Tomasz Laczny

Erna Helena Ania

I discovered my grandmother was German when I was seven years old. I discovered it when the family was visited by a man with a prosthetic hand, an old friend from her youth. He spoke German. And my grandmother spoke German back to him. That’s when I knew she was German, that my family was made up of people who were the ‘enemy’.

I wondered what it meant for me as a child. I still wonder what it means for me now. I’m Polish, but what does that mean. The Polishness of the pre-war years is very different to the manufactured Polishness of now. And what did it mean then, in the years of the Second World War when my German grandmother first fell in love with my Polish grandfather.

They fell in love towards the end of the Second World War in Poland occupied by Germans. It was a forbidden love, the kind of love you could be killed for. And then she got pregnant with my mother..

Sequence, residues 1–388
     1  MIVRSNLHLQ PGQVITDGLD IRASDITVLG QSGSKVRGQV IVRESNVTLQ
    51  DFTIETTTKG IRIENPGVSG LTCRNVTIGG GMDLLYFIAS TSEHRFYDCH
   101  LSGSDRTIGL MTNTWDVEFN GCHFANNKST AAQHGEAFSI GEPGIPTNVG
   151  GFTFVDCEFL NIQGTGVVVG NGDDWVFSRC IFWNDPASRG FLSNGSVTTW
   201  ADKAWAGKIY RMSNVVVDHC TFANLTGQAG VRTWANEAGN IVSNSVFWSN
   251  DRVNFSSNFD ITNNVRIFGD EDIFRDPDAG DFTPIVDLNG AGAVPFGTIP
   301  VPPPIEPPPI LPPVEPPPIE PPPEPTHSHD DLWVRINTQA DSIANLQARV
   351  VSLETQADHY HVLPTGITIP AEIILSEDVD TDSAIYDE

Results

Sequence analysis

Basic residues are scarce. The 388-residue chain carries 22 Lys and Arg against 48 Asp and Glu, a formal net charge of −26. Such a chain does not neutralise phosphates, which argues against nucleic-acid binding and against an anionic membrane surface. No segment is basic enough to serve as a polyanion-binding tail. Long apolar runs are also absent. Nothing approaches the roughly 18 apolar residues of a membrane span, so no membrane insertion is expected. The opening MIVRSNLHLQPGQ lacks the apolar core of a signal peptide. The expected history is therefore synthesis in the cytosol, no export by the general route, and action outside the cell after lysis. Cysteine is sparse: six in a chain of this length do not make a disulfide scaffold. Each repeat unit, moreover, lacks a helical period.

She hid her pregnancy, was imprisoned in a camp for Germans after the war, and finally gave birth in the most difficult of circumstances, alone. My grandmother couldn’t care for her child, so they took my mother away from her. She was told to go back to Germany, to join the rest of her family (all of whom had been expelled from Poland), but she refused. She wanted to be with her daughter. And so she stayed, was eventually reunited with her daughter, gained Polish nationality and lived with the guilt of being German in the land that had been most devastated by Nazi war crimes.

This book and exhibition is the story of my grandmother. It’s the understanding I came to of who she was, and who I am, a story where the happiness of my Polish childhood coincides with the

traumas of the Second World War. It’s a story about the shifting sands of national identity, the family secrets we keep, and the way we survive even in the face of the most difficult circumstances. It’s the story of who we are and who we can be, of a Polishness .

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